warm thermal treatments in healthy volunteers and
patients with CHF.
7,8
Thermally induced peripheral vasodilation can also
be achieved by cold water stimuli with subsequent
vasodilation.
5,9Thermoregulatory mechanisms induce a
reactive prolonged peripheral vasodilation after cold
From theaKliniken Essen Mitte, Department of Internal Medicine V, Essen,bFree Uni-
versity of Berlin, Klinikum Benjamin Franklin, Immanuel Hospital, Department of Internal
Medicine, Berlin, and the
cKarl and Veronica Carstens Foundation, Essen, Germany.
Submitted August 7, 2002; accepted January 28, 2003.
Reprint requests: Gustav Dobos, MD, Kliniken Essen Mitte, Department of Internal and
Integrative Medicine; Am Deimelsberg 34 a; 45276 Essen, Germany.
E-mail: gustav.dobos@uni-essen.de
2003, Mosby, Inc. All rights reserved.
0002-87032003$30.000
doi:10.1016S0002-8703(03)00314-4

water immersions, cold water pourings, and show-
ers.10,11After serial cold water applications, a physio-
logic cold adaptation with consecutive attenuated cate-
cholamine response was observed.
12,13
In central-European physical therapy, warm-water
baths and sauna are commonly supplemented by re-
peated cold water stimuli with peripheral cold water
immersions and cold water pourings (hydrotherapy
according to Kneipp).
14Serial hydrotherapeutic cold-
and warm-water applications are also used as a sup-
portive treatment for patients with coronary artery
disease and patients with CHF in cardiological rehabili-
tative facilities. The benecial effects of hydrotherapy
in patients with CHF, hypertension, and coronary ar-
tery disease have been described in some empirical
and observational reports.
14-16However, its efcacy
has never been tested in controlled trials. The current
study was designed to test whether a specic and in-
tensive home-based hydrotherapeutic treatment pro-
gram, consisting of a structured combination of warm
and cold thermal applications, can induce improve-
ments in exercise performance, quality of life (QOL),
and heart-failurerelated symptoms in patients with
mild CHF.
Methods and patients
Participation in the study was offered by advertise-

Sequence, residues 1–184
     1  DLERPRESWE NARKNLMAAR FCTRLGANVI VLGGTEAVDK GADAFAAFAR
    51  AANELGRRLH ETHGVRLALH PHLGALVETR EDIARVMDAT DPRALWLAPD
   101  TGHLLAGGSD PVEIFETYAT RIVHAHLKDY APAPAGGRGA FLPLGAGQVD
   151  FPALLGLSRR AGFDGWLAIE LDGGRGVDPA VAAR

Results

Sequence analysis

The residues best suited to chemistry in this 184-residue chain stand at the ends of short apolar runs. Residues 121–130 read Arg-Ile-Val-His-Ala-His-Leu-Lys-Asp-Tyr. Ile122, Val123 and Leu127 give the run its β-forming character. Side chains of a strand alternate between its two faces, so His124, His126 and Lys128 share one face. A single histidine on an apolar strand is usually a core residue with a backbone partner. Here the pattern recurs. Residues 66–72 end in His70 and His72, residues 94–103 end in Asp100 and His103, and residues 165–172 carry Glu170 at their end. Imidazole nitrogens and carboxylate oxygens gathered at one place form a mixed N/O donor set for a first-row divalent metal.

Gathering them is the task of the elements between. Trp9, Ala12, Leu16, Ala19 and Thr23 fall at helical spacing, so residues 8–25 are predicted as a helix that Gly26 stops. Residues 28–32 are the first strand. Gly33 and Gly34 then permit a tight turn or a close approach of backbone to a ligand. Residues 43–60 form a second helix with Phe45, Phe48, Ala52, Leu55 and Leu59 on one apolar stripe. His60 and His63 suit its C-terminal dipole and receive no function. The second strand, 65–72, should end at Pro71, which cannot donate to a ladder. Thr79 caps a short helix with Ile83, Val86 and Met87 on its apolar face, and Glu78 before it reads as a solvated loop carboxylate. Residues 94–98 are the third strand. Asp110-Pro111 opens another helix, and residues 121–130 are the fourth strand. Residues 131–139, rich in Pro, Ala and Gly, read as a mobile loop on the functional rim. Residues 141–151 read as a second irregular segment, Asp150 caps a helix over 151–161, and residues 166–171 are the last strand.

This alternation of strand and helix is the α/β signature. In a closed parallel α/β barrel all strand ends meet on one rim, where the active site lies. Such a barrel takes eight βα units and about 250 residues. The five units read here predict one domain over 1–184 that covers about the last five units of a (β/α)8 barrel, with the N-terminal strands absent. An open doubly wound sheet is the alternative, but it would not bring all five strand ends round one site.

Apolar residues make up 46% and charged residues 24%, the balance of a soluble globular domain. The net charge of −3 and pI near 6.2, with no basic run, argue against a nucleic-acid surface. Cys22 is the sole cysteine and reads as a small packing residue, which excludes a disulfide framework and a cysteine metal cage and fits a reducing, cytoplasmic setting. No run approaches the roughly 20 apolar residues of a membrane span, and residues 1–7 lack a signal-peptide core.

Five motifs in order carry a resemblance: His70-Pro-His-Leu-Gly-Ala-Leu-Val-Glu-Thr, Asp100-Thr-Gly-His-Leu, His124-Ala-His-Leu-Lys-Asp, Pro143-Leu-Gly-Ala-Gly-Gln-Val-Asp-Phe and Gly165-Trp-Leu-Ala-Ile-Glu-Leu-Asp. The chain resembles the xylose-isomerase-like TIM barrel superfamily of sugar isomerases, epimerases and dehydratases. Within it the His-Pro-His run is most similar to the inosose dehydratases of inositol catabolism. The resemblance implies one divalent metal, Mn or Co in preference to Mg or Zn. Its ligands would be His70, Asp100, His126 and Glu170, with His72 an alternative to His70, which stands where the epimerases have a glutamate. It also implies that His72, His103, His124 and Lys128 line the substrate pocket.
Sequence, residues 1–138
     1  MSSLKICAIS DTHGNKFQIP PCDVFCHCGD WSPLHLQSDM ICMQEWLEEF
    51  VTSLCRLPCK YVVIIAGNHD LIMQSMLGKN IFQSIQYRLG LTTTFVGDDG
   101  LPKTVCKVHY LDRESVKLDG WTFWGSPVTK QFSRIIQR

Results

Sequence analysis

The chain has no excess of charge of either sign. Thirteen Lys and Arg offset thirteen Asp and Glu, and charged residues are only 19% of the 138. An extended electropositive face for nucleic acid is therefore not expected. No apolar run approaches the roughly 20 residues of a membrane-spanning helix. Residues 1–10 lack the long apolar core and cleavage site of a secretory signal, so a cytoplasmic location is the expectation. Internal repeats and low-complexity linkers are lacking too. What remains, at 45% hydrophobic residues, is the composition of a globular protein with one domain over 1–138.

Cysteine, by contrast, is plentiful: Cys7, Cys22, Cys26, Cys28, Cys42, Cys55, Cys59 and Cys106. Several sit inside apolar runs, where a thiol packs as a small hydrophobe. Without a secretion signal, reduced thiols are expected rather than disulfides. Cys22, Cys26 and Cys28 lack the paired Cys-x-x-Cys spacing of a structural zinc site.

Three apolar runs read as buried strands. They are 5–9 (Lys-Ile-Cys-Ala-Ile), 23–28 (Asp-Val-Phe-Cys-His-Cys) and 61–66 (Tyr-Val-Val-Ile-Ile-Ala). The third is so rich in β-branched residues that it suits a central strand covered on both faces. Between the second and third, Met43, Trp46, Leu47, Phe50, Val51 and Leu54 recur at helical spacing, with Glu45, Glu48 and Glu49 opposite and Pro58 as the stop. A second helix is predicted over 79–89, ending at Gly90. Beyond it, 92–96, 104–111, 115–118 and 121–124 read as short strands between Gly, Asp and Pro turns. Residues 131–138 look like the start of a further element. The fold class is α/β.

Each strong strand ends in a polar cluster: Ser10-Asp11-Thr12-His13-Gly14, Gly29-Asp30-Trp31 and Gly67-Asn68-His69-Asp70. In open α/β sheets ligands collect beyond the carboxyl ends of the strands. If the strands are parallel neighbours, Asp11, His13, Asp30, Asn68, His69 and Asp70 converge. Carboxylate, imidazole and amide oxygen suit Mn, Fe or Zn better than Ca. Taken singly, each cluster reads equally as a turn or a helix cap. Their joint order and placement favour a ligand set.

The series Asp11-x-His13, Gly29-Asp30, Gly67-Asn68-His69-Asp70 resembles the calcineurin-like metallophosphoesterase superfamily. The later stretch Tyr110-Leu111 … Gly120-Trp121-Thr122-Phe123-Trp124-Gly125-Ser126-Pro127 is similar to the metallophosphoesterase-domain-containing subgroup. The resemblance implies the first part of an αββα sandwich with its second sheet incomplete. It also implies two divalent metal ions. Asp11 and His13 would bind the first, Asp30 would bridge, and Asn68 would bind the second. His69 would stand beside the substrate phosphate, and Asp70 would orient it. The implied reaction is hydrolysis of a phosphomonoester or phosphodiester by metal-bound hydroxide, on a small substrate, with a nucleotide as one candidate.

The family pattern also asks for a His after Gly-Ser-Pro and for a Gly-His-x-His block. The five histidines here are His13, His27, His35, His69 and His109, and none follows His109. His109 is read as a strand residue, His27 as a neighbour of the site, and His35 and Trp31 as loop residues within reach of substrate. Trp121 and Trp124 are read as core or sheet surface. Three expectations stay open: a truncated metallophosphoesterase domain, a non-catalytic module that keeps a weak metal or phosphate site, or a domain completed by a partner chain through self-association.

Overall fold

ment in cooperating cardiological outpatient facilities.
Of 30 patients screened, 17 patients (6 men, 11
women, mean (SEM) age 66.21.6 years) met the
inclusion criteria and consented to participate in the
study after complete protocol information. Two pa-
tients (one in each group) dropped out before the end
of the rst study period and were not included in the
further data analysis. The remaining study subjects
were 15 patients (5 men, 10 women, mean (SEM)
age 64.31.8 years) with a history of mild CHF. Anal-
ysis was performed regardless of adherence with the
study treatment (intention to treat). Etiology of heart
failure was classied as idiopathic dilated cardiomyopa-
thy in 3 patients, ischemic heart disease in 8 patients,
and chronic hypertension in 4 patients. The criteria for
heart failure were clinical and included dyspnea at ex-
ertion, fatigue, or uid retention, with objective conr-
mation by an echocardiographic or ventriculographic
ejection fraction40%, documented within the last 6
months before study entry. To achieve a homogeneous
study group, we recruited only patients in sinus
rhythm with New York Heart Association (NYHA)
functional class II to III and an ejection fraction be-
tween 30% to 40%. No patient had evidence of exer-
cise-induced arrhythmias or symptomatic myocardial
ischemia at baseline.
Exclusion criteria were myocardial infarction or un-
stable angina within the previous 6 months. Other ex-clusion criteria were chronic obstructive pulmonary
disease, peripheral vascular disease, hemodynamically
signicant valvular heart disease, orthopedic limitation,
and neurologic disease.
Informed consent was obtained from all patients be-
fore they entered the study, which was approved by
the local ethics committee. No patient had a change in
his or her medical regimen for the duration of the
study.
The study was designed as a random-order crossover
comparison of 6 weeks of intensive hydrotherapy and
6 weeks of restricted therapy (control phase). Patients
were not told to expect hydrotherapy to be better for
them, merely that we were trying to nd out objec-
tively the effects of hydrotherapy in heart failure. Data
analysis was performed for all patients with at least
one follow-up examination, independent of treatment
adherence (intention to treat).
The exercise test was carried out on an upright bicy-
cle ergometer with 2-minute incremental-stage work
loads of 0, 50, 75, and 100 watts (w). All tests were
done at the same time in the morning after an over-
night fast. Heart rate was recorded from the 12-lead
electrocardiogram and blood pressure measured by
cuff sphygmomanometer every minute. Rate-pressure
product (double product) was derived as systolic
blood pressure times heart rate.
QOL was assessed by means of a validated inventory:
the quality of life prole for chronic diseases (PLC).17
The PLC is based on 40 items, which are grouped to 6
functional or symptom dimensions: physical capacity
(8 items), positive mood (5 items), negative mood
depression (8 items), ability to enjoy and relax (8
items), social well-being (5 items) and social function-
ingcontact ability (6 items). Each item is a question
that has to be answered on a 5-pointrating scale (0-4).
High internal consistency (0.75) and retest-reliabil-
ity have been demonstrated for the scales in different
populations.
18,19A relevant increase in QOL is dened
as a procedure-related signicant increase in at least 2
of the 6 dimensions. Heart-failurerelated symptoms
were measured by an additional 5-point Likert-scaled
symptom questionnaire with 17 items.
Generally, results are expressed as meanSEM. Ac-
cording to the recommendations for the analysis of
crossover trials,
20we tted split-plot ANOVA models
to the data. Group (carryover effect) was modeled
as a between-subject factor; time point and treatment